Chart MTF measurement examples
Fig. 2 illustrates an MTF measurement for a horizontal slanted-edge on an inkjet chart photographed with mchart = 0.5×. The upper curve shows the average edge profile. The rise distance (14 pixels) is large enough so that camera software sharpening will not affect the results. The lower plot shows the measured MTF (bold black curve) and the fit to the MTF (bold cyan curve) from Equation (1) for f < f30. The parameters for this fit are a = 0.10507 and b = 0.09407.
FIGURE 2. INKJET CHART MTF MEASUREMENT
Curious artifacts sometimes appear in chart MTF measurements. Figure 3 is the MTF of an edge from a chart printed with the edges along the directions of paper and print head motion (not slanted). Test charts printed this way are cut slanted. A strong MTF response peak, visible around 13.5 Cycles/Object mm, appears to be caused by periodicity in the inkjet dots. (It’s not present when edges are printed slanted.) Fortunately, it’s well outside the analysis passband as well as the frequencies used to calculate a and b in Equation (1).
FIGURE 3. INKJET CHART MTF SHOWING RESPONSE PEAK
There are sometimes surprises in the MTF measurements. Chart MTF for photographic film printed on an LVT (Light Valve Technology) printer have a response indicative of sharpening (Fig. 4), apparently caused by uneven depletion of the film developer near edges—familiar to the author from his wet darkroom days. Note that the curve from Equation (1) (cyan) is a good match to the MTF curve, which has a sharpening bump.
FIGURE 4. COLOR LVT FILM MTF SHOWING CHEMICAL SHARPENING
To calculate MTF compensation, the chart spatial frequency in Cycles/Object mm, fchart, must be transformed into Cycles/Pixel (C/P) on the image sensor. For test magnification mtest,
f(C/Obj mm) = f(C/P) × mtest × pixels/mm
The MTF of the chart projected on the image sensor is:
Limiting the minimum value of MTFdiv to 0.3 prevents excessive high-frequency noise boost. And as we have shown in Fig. 3, chart MTF measurements at frequencies where MTF drops below 0.3 (f > f30) can be strongly affected by chart noise (especially for inkjet charts), and hence are not reliable.
Camera testing and verification
The effects of chart compensation were tested using a 10-megapixel digital camera (a Panasonic Lumix LX5 from 2010) that had the following:
A small 5.4×8.1mm sensor with 2.14-pixel size to ensure low test magnification mtest for most of the charts, intended to keep lens performance relatively consistent throughout the tests.
RAW output to minimize nonlinear signal processing commonly found in JPEG files.
A high-quality zoom lens set to 50mm (35mm-equivalent) at f/4.
With this camera, we expected MTF measurements to be affected only slightly for the largest charts, which are designed to fill the image frame, and hence have the largest Fields of View (FoVs). We expected MTF measurements to be degraded significantly for the smallest charts.
FIGURE 5. SOME OF THE TEST CHARTS USED TO VERIFY MTF COMPENSATION
Fig. 5 illustrates the two types of slanted-edge chart used in our testing: Imatest SFRplus (a grid of slanted squares with bars at the top and bottom) and eSFR ISO (an enhanced version of the ISO 12233:2014 edge SFR chart). Both charts have 4:1 contrast slantededges, as recommended in ISO 12233:2014. Sizes varied over a range greater than 10:1. These charts were printed over several years on a variety of media— inkjet and photographic paper (reflective), and color photographic film (transmissive).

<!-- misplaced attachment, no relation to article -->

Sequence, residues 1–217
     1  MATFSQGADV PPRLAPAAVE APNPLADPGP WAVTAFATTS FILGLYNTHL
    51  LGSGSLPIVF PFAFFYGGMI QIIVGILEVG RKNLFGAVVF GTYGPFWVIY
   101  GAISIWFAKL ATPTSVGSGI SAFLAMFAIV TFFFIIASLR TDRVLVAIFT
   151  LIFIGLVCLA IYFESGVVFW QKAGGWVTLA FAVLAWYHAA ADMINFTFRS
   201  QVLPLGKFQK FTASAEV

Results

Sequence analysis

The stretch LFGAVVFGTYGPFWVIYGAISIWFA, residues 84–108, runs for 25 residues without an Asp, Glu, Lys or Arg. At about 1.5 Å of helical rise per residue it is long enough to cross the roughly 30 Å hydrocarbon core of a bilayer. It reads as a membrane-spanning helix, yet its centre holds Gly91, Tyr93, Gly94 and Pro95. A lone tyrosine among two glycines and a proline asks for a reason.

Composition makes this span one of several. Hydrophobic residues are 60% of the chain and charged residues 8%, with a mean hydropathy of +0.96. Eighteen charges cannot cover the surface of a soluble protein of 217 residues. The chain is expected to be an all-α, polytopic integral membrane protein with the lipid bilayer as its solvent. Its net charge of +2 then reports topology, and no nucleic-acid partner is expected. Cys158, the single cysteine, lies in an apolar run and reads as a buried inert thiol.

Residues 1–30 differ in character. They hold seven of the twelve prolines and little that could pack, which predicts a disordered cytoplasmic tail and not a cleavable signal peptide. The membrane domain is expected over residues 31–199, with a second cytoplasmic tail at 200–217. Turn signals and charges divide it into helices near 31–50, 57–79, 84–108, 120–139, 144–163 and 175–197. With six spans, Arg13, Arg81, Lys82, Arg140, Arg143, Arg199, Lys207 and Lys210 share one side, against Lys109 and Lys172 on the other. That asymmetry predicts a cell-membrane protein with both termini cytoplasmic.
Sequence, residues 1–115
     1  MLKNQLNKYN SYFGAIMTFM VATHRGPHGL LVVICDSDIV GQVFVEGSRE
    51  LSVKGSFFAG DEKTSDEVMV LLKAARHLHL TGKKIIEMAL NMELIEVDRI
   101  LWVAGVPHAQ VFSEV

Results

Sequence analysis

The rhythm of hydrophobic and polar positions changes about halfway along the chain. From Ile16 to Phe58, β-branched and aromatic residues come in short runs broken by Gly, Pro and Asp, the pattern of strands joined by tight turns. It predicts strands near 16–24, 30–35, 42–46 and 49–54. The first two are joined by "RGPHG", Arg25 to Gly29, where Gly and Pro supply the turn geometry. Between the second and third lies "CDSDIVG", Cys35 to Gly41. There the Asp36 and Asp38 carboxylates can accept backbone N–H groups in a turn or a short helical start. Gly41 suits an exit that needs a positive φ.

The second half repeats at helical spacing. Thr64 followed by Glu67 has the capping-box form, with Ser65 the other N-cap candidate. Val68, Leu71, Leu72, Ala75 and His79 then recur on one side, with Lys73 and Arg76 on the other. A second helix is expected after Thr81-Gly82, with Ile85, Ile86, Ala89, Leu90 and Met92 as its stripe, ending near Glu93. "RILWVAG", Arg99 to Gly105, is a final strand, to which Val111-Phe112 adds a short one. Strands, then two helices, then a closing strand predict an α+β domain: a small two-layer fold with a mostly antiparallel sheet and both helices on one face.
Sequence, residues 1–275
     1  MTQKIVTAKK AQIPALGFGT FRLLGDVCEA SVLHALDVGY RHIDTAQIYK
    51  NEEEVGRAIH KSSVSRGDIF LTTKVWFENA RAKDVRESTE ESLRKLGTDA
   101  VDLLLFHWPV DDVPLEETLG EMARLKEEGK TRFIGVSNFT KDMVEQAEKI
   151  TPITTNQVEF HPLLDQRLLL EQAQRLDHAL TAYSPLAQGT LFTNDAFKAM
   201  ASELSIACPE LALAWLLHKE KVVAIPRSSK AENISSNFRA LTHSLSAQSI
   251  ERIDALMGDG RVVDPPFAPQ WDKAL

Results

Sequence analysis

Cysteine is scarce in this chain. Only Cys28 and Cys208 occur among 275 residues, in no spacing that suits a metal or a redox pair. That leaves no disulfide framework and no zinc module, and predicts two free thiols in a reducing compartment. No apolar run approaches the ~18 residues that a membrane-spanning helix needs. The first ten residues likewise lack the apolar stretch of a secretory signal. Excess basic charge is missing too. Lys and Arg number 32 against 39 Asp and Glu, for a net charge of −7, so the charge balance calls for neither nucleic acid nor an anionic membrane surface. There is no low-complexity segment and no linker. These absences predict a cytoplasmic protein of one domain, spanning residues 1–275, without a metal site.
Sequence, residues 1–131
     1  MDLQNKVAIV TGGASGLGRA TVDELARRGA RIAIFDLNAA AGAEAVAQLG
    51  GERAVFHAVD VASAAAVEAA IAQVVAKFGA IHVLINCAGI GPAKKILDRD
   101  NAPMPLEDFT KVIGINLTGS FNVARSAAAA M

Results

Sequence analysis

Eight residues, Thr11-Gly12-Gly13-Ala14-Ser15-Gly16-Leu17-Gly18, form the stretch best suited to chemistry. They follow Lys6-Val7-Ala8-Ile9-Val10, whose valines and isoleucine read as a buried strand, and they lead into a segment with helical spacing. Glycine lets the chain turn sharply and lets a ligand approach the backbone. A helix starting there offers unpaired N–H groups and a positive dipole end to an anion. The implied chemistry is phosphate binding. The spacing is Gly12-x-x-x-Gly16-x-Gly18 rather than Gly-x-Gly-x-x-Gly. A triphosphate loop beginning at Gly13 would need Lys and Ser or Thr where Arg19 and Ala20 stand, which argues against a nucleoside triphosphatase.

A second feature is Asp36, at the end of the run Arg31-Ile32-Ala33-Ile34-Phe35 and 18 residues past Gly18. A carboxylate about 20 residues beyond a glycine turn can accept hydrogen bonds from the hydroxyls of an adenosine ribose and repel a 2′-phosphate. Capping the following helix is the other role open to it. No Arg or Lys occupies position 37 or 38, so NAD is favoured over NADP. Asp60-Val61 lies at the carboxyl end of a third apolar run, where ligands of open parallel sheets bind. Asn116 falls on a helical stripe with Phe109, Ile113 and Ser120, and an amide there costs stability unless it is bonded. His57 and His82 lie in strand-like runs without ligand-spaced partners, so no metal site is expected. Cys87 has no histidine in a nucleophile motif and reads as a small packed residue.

The reported Fields of View (FoVs) are typically slightly larger than the active area of these charts. Both chart types have geometrical features that facilitate the calculation of test magnification mtest. For each image, four edges — Left (L), Right (R), Top (T), and bottom (B) from the square closest to the chart center — were analyzed for compensated and uncompensated MTF.
Since we didn’t know the history of the charts, MTF for sample edges was measured individually for each chart.
Compensated and uncompensated results
MTF measurements in Figures 6-9, each from an edge near the center of four very different test charts, illustrate the effects of chart MTF on results. Uncompensated MTF is shown as a magenta line. Compensated MTF is a bold black line. MTFdiv is a cyan line. MTF50 (the spatial frequency where MTF drops to 50% of its low-frequency level) is the key summary metric for comparing results.
The large inkjet chart in Fig. 6 (147×97cm Field of View FoV) has MTF50 = 1166 LW/PH (uncompensated) and 1345 LW/PH (compensated). Correction makes only a small difference in the MTF measurement, as expected. The MTF50 difference is largely caused by a small noise-related response bump.
The small inkjet chart in Fig. 7 (32×21cm FoV) has MTF50 = 922 LW/PH (uncompensated) and 1302 LW/PH (compensated). Correction makes a significant difference. Results would be inaccurate without it. f30 is far enough above the Nyquist frequency to ensure good measurement results.
The small, low-quality inkjet chart in Fig. 8 (25×17cm FoV) has f30 well below the Nyquist frequency. Results are not reliable. This chart is inadequate for measuring the quality of this camera system.
The small but extremely high-quality LVT film chart in Fig. 9 (26×17cm FoV) has MTF50 = 1466 LW/PH (uncompensated) and 1445 LW/PH (compensated). The chart MTF response bump causes a slight decrease in the corrected MTF response.
Figures 10 and 11 contain detailed results for five SFRplus and five eSFR ISO charts of various sizes and media. This somewhat arbitrary grouping was chosen because the results would not all fit on a single figure. The four groups of five bars on the left (light magenta background) represent uncompensated MTF50. The four groups of five bars on the right (light yellow background) represent compensated MTF50. Compensated MTF50 is generally larger and much more consistent, as indicated in Table 1, below.